SoftBank Group Corp. continus its investments in the technology sector. The company is leading a $502 million investment in Improbable Worlds Ltd., a London-based virtual reality startup, and it has seperately agreed to invest $5 billion in China's Didi Chuxings.
British technology start-up Improbable Worlds Ltd. specializes in virtual simulation. The company said it has raised $502 million (57 billion yen) from SoftBank Group Corp., which gives the Japanese company a non-controlling stake in Improbable.
Last July, Softbank also purchased chip designer Arm Holdings for 24.3 billion pounds, just weeks after the UK voted to leave the European Union.
Improbable uses cloud-based distributed computing to enable the creation of virtual worlds for use in games and massive-scale simulations of the real world.
"Improbable is building breakthrough technologies that are becoming vital and valuable platforms for the global gaming industry," Deep Nishar, managing director of investments at SoftBank, said in a statement. Beyond gaming, Nishar said, SoftBank believed Improbable's simulation technology could be used to help explore disease, improve cities, understand economies and solve other complex problems. Nishar is joining Improbable's board.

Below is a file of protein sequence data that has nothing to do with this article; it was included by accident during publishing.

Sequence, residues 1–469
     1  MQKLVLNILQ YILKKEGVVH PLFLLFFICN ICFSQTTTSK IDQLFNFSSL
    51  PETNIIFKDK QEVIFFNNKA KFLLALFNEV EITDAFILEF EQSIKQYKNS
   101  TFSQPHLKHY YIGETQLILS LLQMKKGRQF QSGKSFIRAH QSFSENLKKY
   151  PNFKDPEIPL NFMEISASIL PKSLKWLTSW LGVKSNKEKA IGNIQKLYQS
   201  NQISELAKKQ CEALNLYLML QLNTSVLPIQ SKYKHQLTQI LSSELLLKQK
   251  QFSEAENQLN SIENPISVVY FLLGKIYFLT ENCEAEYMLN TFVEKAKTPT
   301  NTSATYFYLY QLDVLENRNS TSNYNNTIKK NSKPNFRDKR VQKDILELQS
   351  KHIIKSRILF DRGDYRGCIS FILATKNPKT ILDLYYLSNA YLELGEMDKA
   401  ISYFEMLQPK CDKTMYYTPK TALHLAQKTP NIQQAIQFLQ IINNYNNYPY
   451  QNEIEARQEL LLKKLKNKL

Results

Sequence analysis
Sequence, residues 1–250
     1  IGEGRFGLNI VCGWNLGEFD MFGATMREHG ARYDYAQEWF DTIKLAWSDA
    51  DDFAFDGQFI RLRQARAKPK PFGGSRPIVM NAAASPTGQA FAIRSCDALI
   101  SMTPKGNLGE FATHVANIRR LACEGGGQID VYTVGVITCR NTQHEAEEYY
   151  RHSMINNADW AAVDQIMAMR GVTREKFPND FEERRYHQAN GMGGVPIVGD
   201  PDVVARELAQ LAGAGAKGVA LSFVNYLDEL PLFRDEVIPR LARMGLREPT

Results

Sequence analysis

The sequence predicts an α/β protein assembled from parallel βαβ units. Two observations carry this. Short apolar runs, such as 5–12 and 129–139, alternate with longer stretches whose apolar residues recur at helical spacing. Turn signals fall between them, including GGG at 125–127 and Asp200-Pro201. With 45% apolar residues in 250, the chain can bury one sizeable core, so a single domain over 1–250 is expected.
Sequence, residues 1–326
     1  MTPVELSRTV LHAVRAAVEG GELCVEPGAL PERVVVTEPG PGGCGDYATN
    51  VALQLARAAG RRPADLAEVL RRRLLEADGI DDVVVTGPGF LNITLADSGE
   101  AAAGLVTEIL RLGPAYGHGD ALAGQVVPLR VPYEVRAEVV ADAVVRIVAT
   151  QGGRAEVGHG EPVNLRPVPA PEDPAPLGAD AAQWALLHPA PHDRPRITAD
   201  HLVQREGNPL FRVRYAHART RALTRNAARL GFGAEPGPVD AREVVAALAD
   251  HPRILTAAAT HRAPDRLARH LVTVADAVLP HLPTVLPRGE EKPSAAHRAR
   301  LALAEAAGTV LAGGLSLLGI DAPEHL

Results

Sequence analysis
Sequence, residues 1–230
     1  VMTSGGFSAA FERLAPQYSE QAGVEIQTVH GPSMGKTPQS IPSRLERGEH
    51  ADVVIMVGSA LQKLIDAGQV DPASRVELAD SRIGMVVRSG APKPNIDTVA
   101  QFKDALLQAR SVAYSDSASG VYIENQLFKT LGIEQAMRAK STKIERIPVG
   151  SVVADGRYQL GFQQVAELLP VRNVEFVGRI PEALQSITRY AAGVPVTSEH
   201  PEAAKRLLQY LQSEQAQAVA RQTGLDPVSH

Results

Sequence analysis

Improbable said the SoftBank funds will be used to develop the technology and will enable the company to accelerate recruitment in its London and San Francisco offices.
Seperately, SoftBank confirmed it has agreed to invest $5 billion in China's Didi Chuxing ride-hailing firm.
SoftBank has a history investing in telecommunications and game companies and is now trying to be at the forefront of a host of emerging technologies. The company's leadership has been staking SoftBank's future on the growth of machine learning, where software is able to learn from data and experience, and the Internet of Things.
The Japanese company will soon launch a $100 billion technology fund as telecoms services markets mature. It has already announced plans to invest at least $25 billion over the next five years in the fund, which would be one of the world's largest private equity investors.